07 May 2012

Istanbul II: Crossing Continents

I didn't have time to blog while I was in Istanbul, so I'm now putting together a short series of posts that highlight some of the things we did. My initial, in-a-nutshell post is here and I will also be writing about some of our excursions outside the city and some of our eating and drinking experiences.

Sunset over the Bosphorus and SoGoHo

Although Istanbul didn't quite represent the same navigational challenge as Marrakesh, the city's unusual geography did take some getting used to, what with its multiple bodies of water (the Bosphorus, the Golden Horn, the Black Sea and the Sea of Marmara) and multiple continents. Like Stockholm, the city centre is spread across several chunks of outlying land, and like San Francisco, a variety of different transport options are available for travelling from place to place (ferry, tram, metro, bus and funicular). You need to buy a token for each separate mode of transport but as each token is only about 2 lira (about 60p), it's hard to complain too much. Like both cities, Istanbul is very hilly, hence the two separate funicular routes, which run from the Karaköy and Kabataş tram stations in Beyoğlu (on the European shore of the Bosphorus), up the steep hills to the Galata Tower and Taksim Square, respectively. It took us a while to find the funiculars because uniquely, they are underground!

View of the Blue Mosque from our rooftop terrace

We stayed in the Sultanahmet area, also known as South of the Golden Horn (SoGoHo, to me). The hotel promised views of the Blue Mosque and indeed, we were probably only a few hundred metres away and had views of the Disneyland-like turrets of the mosque even from our first-floor bedroom window, as well as from the rooftop terrace.

Blue Mosque by night

We chose to stay in the area because we thought it would be good to close to most of the sights but we actually spent most of our time outside SoGoHo. That said, it is a beautiful--if touristy--part of town and it was always a pleasure walking back home past Topkapı Palace and the Blue Mosque. We also spent much of yesterday, our last day, in and around SoGoHo. We walked through the gardens of Topkapı but we decided not to go inside, in the end because a) it was such a sunny day and we wanted to be outside and b) there was a long queue. We enjoyed looking at the beautiful building from the outside, though. We did go into the Blue Mosque, although were surprised to see how many women weren't wearing the scarves they had been given by the mosque staff to cover their hair. The building is stunning--a gorgeous design and with lovely, intricate mosaics and other decorations on the inside. It remains a haven of calm, despite the throngs of tourists.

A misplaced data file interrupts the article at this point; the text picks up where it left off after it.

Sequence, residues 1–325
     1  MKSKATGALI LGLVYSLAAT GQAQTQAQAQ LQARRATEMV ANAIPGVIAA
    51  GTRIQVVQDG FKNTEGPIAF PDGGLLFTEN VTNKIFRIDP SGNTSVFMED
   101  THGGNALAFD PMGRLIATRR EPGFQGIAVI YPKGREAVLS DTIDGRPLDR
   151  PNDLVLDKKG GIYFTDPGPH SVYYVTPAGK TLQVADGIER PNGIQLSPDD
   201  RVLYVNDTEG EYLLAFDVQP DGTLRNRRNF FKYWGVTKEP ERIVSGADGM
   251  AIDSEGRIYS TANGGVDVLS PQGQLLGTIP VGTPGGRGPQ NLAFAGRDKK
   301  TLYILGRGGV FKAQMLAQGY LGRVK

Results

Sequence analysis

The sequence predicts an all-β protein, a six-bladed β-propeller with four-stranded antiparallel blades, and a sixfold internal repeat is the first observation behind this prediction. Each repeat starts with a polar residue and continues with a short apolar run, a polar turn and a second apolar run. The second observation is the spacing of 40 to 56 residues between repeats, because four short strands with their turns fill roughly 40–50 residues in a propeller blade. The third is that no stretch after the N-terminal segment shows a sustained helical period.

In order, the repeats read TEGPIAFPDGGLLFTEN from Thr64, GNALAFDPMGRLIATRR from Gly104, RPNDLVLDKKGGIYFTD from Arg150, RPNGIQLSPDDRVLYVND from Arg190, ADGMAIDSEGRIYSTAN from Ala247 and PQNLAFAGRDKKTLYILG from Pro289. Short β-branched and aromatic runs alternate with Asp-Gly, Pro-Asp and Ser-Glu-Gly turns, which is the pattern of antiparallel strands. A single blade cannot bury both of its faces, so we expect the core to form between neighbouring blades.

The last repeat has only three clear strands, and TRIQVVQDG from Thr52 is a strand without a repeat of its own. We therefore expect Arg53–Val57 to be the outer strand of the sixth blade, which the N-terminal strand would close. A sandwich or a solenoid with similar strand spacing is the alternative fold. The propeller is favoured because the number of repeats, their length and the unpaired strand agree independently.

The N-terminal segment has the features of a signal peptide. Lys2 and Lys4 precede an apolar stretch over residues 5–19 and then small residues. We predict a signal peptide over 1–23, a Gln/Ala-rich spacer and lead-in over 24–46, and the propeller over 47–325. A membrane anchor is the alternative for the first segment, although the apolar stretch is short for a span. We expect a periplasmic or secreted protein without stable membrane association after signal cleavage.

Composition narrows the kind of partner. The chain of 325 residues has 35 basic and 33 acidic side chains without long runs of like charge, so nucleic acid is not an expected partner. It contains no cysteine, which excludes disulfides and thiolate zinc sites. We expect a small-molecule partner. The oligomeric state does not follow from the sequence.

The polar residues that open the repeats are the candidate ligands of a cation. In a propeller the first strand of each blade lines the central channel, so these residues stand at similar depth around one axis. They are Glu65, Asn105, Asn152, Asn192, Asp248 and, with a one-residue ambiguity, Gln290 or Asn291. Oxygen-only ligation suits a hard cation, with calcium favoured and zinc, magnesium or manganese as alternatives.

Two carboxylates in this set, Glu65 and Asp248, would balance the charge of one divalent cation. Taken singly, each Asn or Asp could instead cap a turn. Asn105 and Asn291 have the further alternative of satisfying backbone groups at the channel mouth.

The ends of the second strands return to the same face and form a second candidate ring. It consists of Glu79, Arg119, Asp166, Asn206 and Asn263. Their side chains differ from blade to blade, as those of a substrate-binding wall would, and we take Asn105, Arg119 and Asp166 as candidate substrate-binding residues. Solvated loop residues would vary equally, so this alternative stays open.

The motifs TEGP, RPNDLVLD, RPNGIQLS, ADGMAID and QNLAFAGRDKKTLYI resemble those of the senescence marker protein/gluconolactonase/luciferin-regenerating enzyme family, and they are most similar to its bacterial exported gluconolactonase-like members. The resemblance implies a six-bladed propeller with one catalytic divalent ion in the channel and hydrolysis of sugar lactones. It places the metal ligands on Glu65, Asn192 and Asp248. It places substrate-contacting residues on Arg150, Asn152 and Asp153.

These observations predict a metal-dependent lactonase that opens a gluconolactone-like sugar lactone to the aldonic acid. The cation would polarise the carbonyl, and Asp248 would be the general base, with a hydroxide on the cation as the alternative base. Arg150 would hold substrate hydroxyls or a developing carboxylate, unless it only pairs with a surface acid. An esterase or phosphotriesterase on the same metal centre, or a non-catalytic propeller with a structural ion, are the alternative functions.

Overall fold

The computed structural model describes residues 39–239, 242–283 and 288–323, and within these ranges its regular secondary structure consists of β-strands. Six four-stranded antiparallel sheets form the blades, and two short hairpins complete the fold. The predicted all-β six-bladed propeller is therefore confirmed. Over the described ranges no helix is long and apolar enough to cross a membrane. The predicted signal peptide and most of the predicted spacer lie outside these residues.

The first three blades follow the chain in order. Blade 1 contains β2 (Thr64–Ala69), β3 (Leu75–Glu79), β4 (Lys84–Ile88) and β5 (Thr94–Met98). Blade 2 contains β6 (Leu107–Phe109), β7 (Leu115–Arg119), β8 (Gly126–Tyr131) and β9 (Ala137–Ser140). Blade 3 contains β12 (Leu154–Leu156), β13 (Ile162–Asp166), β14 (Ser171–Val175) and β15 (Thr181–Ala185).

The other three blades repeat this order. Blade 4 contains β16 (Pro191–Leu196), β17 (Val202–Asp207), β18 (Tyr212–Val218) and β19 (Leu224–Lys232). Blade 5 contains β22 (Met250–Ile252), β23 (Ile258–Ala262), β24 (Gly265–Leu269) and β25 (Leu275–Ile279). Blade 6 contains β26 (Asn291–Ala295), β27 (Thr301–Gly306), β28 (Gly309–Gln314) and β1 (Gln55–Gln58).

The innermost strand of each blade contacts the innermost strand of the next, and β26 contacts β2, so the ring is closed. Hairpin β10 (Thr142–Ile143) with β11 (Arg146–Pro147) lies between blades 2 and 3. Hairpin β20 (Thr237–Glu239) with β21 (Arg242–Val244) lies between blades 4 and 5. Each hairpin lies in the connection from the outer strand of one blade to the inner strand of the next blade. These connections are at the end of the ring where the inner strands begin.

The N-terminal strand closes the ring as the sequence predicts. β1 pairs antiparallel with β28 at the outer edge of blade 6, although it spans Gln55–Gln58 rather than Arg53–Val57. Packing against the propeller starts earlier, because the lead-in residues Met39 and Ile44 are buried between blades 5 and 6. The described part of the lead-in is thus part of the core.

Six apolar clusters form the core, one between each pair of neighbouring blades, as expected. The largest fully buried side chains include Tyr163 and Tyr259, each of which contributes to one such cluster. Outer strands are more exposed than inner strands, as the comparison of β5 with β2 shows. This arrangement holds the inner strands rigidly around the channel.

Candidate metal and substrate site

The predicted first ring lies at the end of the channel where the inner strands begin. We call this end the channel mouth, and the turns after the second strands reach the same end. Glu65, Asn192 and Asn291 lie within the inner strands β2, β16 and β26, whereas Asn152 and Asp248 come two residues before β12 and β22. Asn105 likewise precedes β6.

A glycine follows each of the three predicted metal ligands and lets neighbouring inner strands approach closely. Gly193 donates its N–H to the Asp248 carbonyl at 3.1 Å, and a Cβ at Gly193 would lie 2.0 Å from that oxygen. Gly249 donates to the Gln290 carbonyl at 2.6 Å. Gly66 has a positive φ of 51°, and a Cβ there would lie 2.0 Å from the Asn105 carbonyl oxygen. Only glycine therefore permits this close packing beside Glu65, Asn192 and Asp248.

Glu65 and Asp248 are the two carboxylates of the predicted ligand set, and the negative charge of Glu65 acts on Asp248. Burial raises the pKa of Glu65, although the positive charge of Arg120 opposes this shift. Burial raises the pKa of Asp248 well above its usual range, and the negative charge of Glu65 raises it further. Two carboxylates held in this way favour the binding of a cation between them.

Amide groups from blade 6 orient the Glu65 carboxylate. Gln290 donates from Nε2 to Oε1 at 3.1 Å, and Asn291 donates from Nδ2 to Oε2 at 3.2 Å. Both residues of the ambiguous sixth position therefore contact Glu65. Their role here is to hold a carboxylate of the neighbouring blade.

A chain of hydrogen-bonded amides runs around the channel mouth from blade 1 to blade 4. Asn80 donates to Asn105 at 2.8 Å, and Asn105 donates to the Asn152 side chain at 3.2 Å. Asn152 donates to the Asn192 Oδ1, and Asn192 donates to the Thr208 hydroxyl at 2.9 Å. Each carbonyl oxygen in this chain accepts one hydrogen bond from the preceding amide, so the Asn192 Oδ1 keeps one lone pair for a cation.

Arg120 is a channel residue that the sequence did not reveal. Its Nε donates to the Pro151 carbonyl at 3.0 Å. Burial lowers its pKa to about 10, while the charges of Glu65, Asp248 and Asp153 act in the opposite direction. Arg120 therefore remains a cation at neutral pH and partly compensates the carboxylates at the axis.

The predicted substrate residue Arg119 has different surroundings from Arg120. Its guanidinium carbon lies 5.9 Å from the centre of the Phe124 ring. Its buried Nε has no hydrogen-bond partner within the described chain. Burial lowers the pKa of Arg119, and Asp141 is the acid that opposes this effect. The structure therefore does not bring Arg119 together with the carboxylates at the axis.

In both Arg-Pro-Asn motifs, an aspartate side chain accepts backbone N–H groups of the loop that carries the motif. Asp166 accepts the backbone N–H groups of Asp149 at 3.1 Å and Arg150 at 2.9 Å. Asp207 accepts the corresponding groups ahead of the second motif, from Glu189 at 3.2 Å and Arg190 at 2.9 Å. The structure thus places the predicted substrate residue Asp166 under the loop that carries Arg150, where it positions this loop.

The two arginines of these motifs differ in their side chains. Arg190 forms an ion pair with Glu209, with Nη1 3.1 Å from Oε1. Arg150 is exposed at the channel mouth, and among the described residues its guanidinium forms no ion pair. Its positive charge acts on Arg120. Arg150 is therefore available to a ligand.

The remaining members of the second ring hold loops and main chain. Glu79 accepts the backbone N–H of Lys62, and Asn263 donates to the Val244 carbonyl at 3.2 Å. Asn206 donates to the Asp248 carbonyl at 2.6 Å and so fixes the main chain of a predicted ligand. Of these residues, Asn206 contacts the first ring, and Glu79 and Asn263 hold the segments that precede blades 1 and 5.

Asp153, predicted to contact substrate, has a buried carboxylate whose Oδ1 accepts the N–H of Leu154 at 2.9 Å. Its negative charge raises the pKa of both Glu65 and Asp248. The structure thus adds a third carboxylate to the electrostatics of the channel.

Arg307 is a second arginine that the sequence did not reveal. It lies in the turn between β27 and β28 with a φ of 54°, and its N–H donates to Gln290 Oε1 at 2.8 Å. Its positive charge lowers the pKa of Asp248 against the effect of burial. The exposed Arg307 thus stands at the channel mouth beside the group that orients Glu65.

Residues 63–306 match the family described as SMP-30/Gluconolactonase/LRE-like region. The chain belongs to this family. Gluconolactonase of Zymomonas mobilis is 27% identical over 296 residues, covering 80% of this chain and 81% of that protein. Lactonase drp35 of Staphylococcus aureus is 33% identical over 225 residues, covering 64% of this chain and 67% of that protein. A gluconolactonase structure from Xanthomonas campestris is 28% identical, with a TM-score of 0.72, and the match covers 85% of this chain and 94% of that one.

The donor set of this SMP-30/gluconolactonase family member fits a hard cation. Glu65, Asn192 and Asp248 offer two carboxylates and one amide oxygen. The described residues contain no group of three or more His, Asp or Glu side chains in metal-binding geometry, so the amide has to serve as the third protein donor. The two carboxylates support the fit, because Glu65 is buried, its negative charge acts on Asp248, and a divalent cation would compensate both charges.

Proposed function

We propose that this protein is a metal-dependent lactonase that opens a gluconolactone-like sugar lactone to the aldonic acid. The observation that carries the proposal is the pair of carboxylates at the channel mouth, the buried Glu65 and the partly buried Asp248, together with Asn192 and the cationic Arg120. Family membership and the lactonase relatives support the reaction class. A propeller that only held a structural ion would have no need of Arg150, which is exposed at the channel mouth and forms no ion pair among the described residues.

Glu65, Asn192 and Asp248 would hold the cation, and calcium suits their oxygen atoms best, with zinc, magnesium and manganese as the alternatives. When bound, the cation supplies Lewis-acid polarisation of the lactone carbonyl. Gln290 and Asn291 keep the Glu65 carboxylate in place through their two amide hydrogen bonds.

Preparing for prayer

We also visited the Bazaar Quarter in SoGoHo a couple of times, although had we realised that the Grand Bazaar (Kapalıçarşı) didn't open on Sundays, we might have spent more time there on our first visit. After Morocco, the Grand Bazaar felt less authentic--more reminiscent, in places, of smart London arcades, such as the Burlington Arcade. The Egyptian (Spice) Bazaar (Mısır Çarşısı), meanwhile, turned out to be pretty small--too small for me to find a scarf I liked, although Özer, at number 82, had a really pretty selection.Quirkier, perhaps, was the area around the Grand Bazaar, which was crammed full with shops selling everything from mannekins (very popular, it seems) to hand-held, stapler-sized sewing machines and cheap clothing. Basically, this area is a lot like my family's ancestral home, Walsall. In the end, the only things I brought home were a few boxes of Turkish delight and a postcard with all the letters of the Turkish alphabet, including my favourite palatals, ş and ç.

Egyptian Bazaar: all your Turkish delight are belong to me

One of the other areas where we spent a lot of time was Beyoğlu, which was billed in my guidebook as some kind of ultra-modern, ultra-trendy metropolis and I was picturing Hong Kong. Actually, though, Beyoğlu was an intriguing mixture of old--the little fish market by the shore at Karaköy, the Galata Tower, which was originally built in the 6th century, and the souk-like warren of shops on the hilly streets, all meticulously organized by category (tool shops, fishing shops, musical instrument shops, and so on)--and new (the global chains, such as TopShop and Starbucks, which line Istiklal Caddesi, where shoppers are only interrupted from time to time by the old-fashioned tram that trundles from Taksim to Galata). At night, I thought the area was a bit loud and tacky, although there were some really nice restaurants tucked away in a few of the side streets (it's worth booking for dinner in the most popular places, especially on a Friday or Saturday night).

Galata Tower by night

Finally, we had to visit Asia while we were in Istanbul. Actually, we landed in Asia, at the Sabiha Gökçen airport, but we also paid a visit to Kadiköy on the Asian shore of the Bosphorus. There wasn't a great deal to do there--we had a little wander around the shops and the market and inadvertently picked the best restaurant for lunch on a road of very similar eateries (see my food and drink post, to follow). The boat ride over from Eminönü was quite fun though, even though the Istanbul fog (another similarity with San Francisco!) descended fairly early on the day we visited and refused to dissipate.

The geography of Istanbul

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